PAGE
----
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ROUND-UP OF THE LATEST FLOOR PLANS

L I V ING

Insiders Guide
to Home Comfort

A HO
BUIL ME
LASTT TO
YEAR500
S

The Low-Down on
Log-Home Costs
DESIGN BONUS:

Entry Excitement

Display Until December 20, 2011

Tips on Energy-Efficient
Heating & Cooling
JANUARY 2012

www.loghomeliving.com
please recycle this magazine

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you come home to.

Satterwhite advantages are many.

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Over 10,000 log homes


built since 1974 !

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Free literature.
To vie
To
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or pla
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nd prriices,
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s, viissitt ouurr weebb ssit
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L I V I NG

january 2012

departments
4

Editors Note
A mighty fortress.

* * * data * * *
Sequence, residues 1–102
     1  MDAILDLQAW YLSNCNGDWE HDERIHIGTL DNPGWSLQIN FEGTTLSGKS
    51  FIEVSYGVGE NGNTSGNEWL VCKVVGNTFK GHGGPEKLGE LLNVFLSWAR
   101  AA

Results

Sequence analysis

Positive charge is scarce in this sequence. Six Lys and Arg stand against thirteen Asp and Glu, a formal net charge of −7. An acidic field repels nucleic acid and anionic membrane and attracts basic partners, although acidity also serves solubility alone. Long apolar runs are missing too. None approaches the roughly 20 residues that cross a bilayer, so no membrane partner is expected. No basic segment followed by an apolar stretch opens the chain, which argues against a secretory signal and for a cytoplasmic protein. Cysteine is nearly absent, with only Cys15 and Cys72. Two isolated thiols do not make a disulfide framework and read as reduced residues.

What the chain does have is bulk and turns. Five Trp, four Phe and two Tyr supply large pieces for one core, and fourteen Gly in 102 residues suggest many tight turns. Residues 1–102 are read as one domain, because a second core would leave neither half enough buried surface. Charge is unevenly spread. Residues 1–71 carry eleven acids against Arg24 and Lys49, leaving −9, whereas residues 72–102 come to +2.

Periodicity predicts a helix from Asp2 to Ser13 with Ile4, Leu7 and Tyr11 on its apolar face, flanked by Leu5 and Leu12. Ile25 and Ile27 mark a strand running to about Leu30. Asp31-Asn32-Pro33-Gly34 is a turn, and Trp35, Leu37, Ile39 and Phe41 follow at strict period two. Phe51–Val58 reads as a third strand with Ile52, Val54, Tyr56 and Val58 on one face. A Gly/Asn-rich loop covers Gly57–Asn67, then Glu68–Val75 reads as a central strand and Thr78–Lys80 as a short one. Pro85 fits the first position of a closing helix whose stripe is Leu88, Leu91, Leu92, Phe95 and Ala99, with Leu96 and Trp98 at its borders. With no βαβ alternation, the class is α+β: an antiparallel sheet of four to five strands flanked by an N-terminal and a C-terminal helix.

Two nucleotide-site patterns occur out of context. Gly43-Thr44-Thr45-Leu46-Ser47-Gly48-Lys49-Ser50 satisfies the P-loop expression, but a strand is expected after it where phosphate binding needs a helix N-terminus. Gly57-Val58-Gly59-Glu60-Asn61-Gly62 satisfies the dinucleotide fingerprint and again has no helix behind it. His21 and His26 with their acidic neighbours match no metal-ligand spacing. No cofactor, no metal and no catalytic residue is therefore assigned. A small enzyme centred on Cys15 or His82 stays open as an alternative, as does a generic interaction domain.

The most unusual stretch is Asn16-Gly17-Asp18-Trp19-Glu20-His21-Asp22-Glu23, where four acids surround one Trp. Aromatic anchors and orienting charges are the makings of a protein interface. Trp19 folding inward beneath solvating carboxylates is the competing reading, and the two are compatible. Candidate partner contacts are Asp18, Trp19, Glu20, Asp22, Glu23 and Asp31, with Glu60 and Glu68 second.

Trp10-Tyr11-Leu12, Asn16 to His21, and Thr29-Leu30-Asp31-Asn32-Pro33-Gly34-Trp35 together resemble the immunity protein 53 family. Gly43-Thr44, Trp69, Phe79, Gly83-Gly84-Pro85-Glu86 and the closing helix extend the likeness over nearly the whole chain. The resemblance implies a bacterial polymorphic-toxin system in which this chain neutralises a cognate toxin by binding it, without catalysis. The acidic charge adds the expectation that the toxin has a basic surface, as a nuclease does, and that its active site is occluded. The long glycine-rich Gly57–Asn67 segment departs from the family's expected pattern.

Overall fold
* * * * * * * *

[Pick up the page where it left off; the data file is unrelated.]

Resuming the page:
Log On, Mailbag,


Downsizing
Custom doors, Lego logs and
a snow country classic.

Media, Starting Point


Energy books and the cost of
handcrafted logs.

10

Energy efficiency in a log home


goes well beyond the logs.

40

16
20

California Dreaming
Home at Last

22

A North Carolina couple create a mountain residence that reflects their roots.

50

Maximum Efficiency
Get the most from heating and cooling your log home.

52

Alternative Current
How to take advantage of renewable-energy opportunities.

57

Warmed-Over Idea
Tried-and-true radiant heat offers advantages for todays log homes.

Cover Guide
A distinctive and comfortable
great room showcases large
western red cedar logs. Photo
by Russ McConnell. See more
of this home by logbuilder
Bryan Reid on page 30.

Inside the Box


A well-planned foyer makes a
lasting first impression.

Big logs define a work of art thats built to stand 500 years.

40

Money Matters
Variety of log styles and sizes
lets you choose your savings.

features
30

Savvy Builder

Great Places
The biggest log lodge east of the
Mississippi.

24

Cabin Fever
A vintage cabin takes the LEED.

62

Resources
Find out where to find out.

88

Epilog
Lincolns Logs.

Latest Floor Plans, p. 68

Featured Advertising

Home Comfort, pp. 50, 52, 57

56

Free Information Guide

Energy Efficiency, p. 10

63
67
68
80
85

Regional Resource Guide

Log-Home Costs, p. 16
Entry Excitement, p. 20